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Old Jul 7, 2005, 11:47 AM   #6
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Convert to either a .psd or a .tif for your working files.
Save it as a jpg for sending to the web :-).

The jpg is a lossey format and loses image information each time it is re-saved.

Peter.
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Old Jul 7, 2005, 2:07 PM   #7
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I usually look at all my files first in "EOS Utility Viewer" because it has a very easy to use exposure compensation slider for RAW images. It works great and is different from just using the brightness in other programs.

Once you go through all of them and set the exposure it remembers where each photo is set and you can convert them all and save them all to another folder at the same time. Like it has been mentioned I always keep the original RAW file in tact.

Then I usually give them a look in DPP and crop because I can do another batch save and once again save them all at the same time. This seems to be faster than cropping and saving them one at a time and you can also select what crop ratio you want. Always say "No" when asked if you want to save changes to your photos in DPP to keep the original in tact.

Once cropped I go to Adobe Photo Elements or Photoshop and edit as needed.

It sounds like a lot of work but when you have a lot of photos at one time it is nice to be able to do the batch saves.
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Old Jul 7, 2005, 4:04 PM   #8
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:!:Kevin, be careful with jpeg files. They are very good to handle because of their compactness, but there are two things you should be aware: (1)it is a compressed file, that means that information already in the RAW file was eliminated to make it compact. After you take the expense of creating a RAW file, it is a waste to discard part of it. (2) jpeg files lose quality after being saved several times. If you will be working with a project that requires time to complete you may need to save it several times. My recommendation is using tiff or PSD (the PhotoShop format). These files will not degrade after several re-save's.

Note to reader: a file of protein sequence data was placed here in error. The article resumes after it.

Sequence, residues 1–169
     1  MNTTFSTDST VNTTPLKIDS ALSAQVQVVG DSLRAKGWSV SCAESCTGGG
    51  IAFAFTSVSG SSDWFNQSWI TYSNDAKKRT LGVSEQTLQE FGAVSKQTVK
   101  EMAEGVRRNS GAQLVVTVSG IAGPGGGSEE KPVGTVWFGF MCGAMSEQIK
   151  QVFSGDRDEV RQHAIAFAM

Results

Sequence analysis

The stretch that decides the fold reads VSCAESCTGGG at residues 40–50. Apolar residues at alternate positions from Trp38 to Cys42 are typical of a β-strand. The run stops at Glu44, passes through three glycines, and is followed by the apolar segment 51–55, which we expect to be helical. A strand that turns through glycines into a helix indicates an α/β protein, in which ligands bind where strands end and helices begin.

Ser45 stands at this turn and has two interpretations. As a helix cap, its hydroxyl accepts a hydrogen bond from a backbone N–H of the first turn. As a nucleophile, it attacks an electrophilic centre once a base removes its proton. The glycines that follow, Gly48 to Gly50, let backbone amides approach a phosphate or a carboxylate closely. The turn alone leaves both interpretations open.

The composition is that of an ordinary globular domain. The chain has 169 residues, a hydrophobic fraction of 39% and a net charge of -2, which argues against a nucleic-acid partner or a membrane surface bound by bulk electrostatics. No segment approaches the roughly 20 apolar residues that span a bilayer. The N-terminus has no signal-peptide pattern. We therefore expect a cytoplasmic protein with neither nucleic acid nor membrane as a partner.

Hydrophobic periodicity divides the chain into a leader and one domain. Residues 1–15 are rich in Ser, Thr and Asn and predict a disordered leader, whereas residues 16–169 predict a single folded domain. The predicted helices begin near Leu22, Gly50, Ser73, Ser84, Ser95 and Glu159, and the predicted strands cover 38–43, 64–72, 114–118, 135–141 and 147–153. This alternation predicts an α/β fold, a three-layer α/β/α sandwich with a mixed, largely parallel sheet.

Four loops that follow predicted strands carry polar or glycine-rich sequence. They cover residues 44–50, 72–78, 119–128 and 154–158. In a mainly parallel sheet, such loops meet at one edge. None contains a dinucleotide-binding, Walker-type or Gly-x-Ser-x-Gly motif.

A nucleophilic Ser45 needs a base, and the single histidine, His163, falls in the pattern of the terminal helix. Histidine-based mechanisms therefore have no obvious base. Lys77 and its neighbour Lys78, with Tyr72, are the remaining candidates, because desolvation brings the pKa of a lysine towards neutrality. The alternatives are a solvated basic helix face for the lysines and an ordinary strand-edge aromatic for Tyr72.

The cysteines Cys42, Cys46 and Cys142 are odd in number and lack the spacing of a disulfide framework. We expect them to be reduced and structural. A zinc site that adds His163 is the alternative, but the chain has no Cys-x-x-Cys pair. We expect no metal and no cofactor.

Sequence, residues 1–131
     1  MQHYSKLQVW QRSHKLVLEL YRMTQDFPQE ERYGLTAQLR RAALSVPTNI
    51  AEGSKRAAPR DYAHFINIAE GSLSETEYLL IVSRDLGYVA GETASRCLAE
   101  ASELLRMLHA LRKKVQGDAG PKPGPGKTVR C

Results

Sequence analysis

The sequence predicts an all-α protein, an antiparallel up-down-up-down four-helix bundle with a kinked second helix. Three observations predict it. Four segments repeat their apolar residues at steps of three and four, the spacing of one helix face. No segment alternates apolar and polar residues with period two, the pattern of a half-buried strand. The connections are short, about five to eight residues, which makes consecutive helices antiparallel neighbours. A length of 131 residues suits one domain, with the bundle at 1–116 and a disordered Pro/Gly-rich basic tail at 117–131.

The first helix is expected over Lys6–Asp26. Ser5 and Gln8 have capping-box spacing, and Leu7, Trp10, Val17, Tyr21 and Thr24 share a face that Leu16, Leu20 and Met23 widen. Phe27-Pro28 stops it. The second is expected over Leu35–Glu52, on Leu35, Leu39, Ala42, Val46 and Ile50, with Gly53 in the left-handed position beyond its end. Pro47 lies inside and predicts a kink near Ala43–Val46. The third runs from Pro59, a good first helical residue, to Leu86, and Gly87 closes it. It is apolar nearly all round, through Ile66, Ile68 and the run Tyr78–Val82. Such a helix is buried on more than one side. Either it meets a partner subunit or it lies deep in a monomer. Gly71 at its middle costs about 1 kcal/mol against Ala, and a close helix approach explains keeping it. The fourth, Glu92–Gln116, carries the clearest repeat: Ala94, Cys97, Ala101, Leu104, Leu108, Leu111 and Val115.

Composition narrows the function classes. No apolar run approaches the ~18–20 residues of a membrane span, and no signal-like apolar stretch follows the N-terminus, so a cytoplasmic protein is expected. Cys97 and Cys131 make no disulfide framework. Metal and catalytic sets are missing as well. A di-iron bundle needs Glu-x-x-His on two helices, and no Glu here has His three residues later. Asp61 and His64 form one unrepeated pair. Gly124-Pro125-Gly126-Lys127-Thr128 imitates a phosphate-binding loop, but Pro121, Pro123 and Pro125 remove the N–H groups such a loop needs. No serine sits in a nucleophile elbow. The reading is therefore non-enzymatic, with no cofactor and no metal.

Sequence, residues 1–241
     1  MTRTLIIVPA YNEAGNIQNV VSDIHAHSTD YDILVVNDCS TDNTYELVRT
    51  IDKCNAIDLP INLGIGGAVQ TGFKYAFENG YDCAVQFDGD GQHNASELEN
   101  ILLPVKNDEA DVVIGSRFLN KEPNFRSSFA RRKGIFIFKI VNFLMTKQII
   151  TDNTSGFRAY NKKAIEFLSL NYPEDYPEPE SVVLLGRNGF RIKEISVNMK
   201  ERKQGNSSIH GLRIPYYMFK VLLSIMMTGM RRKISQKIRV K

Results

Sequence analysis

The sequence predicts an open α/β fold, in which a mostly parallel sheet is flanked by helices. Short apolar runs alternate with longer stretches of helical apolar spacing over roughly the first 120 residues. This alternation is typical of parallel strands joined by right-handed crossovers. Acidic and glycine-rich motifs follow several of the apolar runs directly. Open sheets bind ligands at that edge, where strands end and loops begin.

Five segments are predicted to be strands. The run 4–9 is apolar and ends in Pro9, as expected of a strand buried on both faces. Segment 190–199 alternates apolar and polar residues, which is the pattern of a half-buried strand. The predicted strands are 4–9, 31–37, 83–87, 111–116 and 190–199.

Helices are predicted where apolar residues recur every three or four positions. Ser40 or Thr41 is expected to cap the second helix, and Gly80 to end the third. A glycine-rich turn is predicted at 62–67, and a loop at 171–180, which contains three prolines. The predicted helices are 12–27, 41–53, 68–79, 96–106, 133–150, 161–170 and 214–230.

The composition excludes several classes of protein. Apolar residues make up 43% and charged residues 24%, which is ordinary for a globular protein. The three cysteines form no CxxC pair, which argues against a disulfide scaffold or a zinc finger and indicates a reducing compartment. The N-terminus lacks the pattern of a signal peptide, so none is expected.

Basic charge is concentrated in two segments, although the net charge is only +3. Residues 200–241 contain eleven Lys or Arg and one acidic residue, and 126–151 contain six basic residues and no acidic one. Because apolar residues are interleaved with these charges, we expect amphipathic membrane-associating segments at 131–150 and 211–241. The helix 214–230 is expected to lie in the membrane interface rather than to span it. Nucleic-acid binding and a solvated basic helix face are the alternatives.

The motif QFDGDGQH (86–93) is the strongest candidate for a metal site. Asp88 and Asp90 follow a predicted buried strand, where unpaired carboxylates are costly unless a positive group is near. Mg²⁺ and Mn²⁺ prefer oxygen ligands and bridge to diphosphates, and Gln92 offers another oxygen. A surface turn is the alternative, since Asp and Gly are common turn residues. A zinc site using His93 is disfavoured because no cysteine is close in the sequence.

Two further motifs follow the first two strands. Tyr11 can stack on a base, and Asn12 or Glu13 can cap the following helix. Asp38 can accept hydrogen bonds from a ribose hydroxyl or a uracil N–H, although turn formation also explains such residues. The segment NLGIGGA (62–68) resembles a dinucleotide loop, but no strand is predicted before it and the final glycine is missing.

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Old Jul 7, 2005, 8:47 PM   #9
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wburychka -
I've been using DPP for a while. I've just updated to the latest ver. There is no option for sharpening that I can find in this program. Please tell me where to find it.
Thanx,
Ron
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Old Jul 22, 2005, 8:27 AM   #10
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surfnron wrote:
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wburychka -
I've been using DPP for a while. I've just updated to the latest ver. There is no option for sharpening that I can find in this program. Please tell me where to find it.
Thanx,
Ron
I think I answered this in a private message, but for others with the same question, sharpening is in the Convert and Save dialog. Obviously, you don't get the opportunity to preview the sharpening effect. Fortunately it is subtle enough and without side effects (aka halos), that in most cases you can just keep the sharpening slider at max.